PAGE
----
These free project plans are for an 18″ tall bench that can be stained, pained or upholstered with storage inside. I made some for Madison’s bedroom.
I posted an upholstered storage bench tutorial before but I’ve been perfecting my Sketch-up skills in the since I have to draw up plans almost daily for clients now. (I’m pleasantly overwhelmed by my current workload!) SO, here is the new and improved tutorial so you can build your own storage bench!
Tools and materials needed:
3/4″ Lumber of your choice cut into the following pieces. (MDF, Cabinet grade plywood or Sanded ply with smooth side on the inside of bench)
- 2@ 16 1/2″ x 14″ (sides)
- 2@ 16 1/2″ x 12 1/2″ (narrow sides)
- 2@ 14″ x 14″ (bottom and top)
- 2@ 12 1/2″ long scrap strips about 1″ wide (cleats)
Finish nails and/or 1 3/4″ wood screws (I used my 16 ga nail gun and SPAX MDF screws)
Kreg pocket hole jig (if planning on painting or staining instead of upholstering)
felt or plastic bumpers to protect your floors
Staple gun and fabric for upholstering. I used 1 yard per box. *Depending on the width of your fabric you might need more or less.
Step 1: Glue and nail or screw the narrow sides INSIDE the sides. As illustrated below. Use a triangle, assembly square or corner clamps to make sure you assemble it square.
Step 1: Alternate assembly option for staining and painting so you don’t have visible nail or screw holes.
- Drill pocket holes on edges of narrow sides (12 1/2″ x 16 1/2″)
- Drive pocket hole screws on the INSIDE of the box.
Step 2: Attach bottom with glue and nails or screws. (if you bottom doesn’t line up with your sides, something is wonky. More than likely, the box isn’t square. If that is the case, convince it to get square.)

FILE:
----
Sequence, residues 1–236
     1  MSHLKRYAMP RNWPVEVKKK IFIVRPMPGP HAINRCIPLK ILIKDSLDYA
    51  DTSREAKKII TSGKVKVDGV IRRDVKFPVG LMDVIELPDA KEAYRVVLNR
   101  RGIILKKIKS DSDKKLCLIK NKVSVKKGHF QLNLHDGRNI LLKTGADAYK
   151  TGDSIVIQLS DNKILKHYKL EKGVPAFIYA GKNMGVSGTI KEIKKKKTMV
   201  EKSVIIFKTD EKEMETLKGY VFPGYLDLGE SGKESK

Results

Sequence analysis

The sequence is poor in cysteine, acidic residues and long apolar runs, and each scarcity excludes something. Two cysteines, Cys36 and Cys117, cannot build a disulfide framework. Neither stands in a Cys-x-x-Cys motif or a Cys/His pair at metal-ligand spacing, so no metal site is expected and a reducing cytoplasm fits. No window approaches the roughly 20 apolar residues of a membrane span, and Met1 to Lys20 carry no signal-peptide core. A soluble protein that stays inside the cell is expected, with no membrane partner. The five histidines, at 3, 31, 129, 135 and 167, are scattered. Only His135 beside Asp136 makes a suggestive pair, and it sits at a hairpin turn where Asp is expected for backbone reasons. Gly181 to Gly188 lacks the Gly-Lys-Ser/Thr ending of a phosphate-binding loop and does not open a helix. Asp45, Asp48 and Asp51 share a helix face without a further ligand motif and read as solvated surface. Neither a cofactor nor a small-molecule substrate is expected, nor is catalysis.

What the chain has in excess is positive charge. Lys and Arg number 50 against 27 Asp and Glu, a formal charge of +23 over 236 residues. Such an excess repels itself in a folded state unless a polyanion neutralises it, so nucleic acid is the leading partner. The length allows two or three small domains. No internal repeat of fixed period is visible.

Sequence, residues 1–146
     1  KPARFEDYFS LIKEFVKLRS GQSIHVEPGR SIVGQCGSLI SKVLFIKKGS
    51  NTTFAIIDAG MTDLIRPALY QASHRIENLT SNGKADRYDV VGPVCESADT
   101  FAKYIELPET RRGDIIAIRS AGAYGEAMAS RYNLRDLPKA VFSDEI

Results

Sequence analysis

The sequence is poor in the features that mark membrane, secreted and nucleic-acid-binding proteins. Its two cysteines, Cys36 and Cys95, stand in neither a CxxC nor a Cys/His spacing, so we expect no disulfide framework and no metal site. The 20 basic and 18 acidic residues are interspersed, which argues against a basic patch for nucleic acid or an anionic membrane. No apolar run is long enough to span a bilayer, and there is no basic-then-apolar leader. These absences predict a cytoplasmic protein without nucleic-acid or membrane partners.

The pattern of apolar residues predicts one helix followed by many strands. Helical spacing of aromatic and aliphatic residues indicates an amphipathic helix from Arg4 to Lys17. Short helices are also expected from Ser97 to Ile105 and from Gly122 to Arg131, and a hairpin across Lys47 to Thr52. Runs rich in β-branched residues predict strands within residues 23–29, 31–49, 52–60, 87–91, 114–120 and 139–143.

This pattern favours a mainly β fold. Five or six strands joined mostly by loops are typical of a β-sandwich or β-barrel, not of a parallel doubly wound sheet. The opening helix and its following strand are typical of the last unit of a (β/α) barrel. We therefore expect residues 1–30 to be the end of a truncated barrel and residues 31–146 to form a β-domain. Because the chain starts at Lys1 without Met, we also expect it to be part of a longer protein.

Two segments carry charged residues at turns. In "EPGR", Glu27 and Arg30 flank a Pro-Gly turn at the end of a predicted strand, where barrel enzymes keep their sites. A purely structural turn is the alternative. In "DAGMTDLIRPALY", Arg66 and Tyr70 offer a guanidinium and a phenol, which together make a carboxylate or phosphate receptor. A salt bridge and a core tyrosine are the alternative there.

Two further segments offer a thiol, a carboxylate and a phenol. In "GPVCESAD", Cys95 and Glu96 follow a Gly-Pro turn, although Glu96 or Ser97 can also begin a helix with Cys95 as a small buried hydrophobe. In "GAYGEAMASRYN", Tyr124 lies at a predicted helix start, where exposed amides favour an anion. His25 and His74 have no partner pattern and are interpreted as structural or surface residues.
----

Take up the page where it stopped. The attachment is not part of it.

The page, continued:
Step 3: Attach the cleats to the top. Use wood glue and 1 1/4″ nails. The cleats need to be inset 3/4″ in from all sides.
So the cleats will fit perfectly inside the bench. The cleats will keep the top from sliding which is especially necessary when using it as a seat.
Depending on what material you use, this bench could be painted, stained or upholstered. If painting or staining, you would want to fill all nail and screw holes and sand very well.
I upholstered mine and they are coming in very handy. It’s surprising just how much these benches hold.
However you choose to finish this bench, make sure you put bumpers on the bottom to protect your flooring. The bottom was secured with nails or screws which could really scratch up wood floors, snag carpet and tear rugs. Take the extra few minutes to put bumpers on the bench!
Linking up to Remodelaholic’s Anonymous
Tags: Carpentry, Plans, Plans & Projects, projects and tutorials